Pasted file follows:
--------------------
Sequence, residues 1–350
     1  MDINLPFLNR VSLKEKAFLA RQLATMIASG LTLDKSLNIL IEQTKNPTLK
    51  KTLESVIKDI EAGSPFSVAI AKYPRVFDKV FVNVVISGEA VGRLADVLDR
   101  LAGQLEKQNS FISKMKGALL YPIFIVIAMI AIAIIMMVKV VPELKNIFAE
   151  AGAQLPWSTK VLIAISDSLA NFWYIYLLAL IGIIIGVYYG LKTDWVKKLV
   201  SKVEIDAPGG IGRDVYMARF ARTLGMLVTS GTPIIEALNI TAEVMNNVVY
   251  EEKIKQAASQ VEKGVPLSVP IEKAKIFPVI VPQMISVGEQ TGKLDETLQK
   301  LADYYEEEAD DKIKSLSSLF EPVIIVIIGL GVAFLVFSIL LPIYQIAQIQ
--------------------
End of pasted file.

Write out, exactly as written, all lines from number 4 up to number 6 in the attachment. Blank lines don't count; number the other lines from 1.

   101  LAGQLEKQNS FISKMKGALL YPIFIVIAMI AIAIIMMVKV VPELKNIFAE
   151  AGAQLPWSTK VLIAISDSLA NFWYIYLLAL IGIIIGVYYG LKTDWVKKLV
   201  SKVEIDAPGG IGRDVYMARF ARTLGMLVTS GTPIIEALNI TAEVMNNVVY